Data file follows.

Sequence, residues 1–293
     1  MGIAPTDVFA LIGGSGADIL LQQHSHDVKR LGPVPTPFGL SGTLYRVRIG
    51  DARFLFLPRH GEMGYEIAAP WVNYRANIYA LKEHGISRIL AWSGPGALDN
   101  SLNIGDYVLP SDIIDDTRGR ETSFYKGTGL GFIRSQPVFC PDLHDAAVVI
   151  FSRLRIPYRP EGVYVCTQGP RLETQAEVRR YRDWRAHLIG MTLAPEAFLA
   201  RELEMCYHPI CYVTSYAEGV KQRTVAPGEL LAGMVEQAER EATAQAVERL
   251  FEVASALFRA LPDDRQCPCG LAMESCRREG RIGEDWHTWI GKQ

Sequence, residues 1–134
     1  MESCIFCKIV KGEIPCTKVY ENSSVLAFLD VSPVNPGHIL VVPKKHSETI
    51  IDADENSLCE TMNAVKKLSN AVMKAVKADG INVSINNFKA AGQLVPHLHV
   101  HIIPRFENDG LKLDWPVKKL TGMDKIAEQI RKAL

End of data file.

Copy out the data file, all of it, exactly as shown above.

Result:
Sequence, residues 1–293
     1  MGIAPTDVFA LIGGSGADIL LQQHSHDVKR LGPVPTPFGL SGTLYRVRIG
    51  DARFLFLPRH GEMGYEIAAP WVNYRANIYA LKEHGISRIL AWSGPGALDN
   101  SLNIGDYVLP SDIIDDTRGR ETSFYKGTGL GFIRSQPVFC PDLHDAAVVI
   151  FSRLRIPYRP EGVYVCTQGP RLETQAEVRR YRDWRAHLIG MTLAPEAFLA
   201  RELEMCYHPI CYVTSYAEGV KQRTVAPGEL LAGMVEQAER EATAQAVERL
   251  FEVASALFRA LPDDRQCPCG LAMESCRREG RIGEDWHTWI GKQ

Sequence, residues 1–134
     1  MESCIFCKIV KGEIPCTKVY ENSSVLAFLD VSPVNPGHIL VVPKKHSETI
    51  IDADENSLCE TMNAVKKLSN AVMKAVKADG INVSINNFKA AGQLVPHLHV
   101  HIIPRFENDG LKLDWPVKKL TGMDKIAEQI RKAL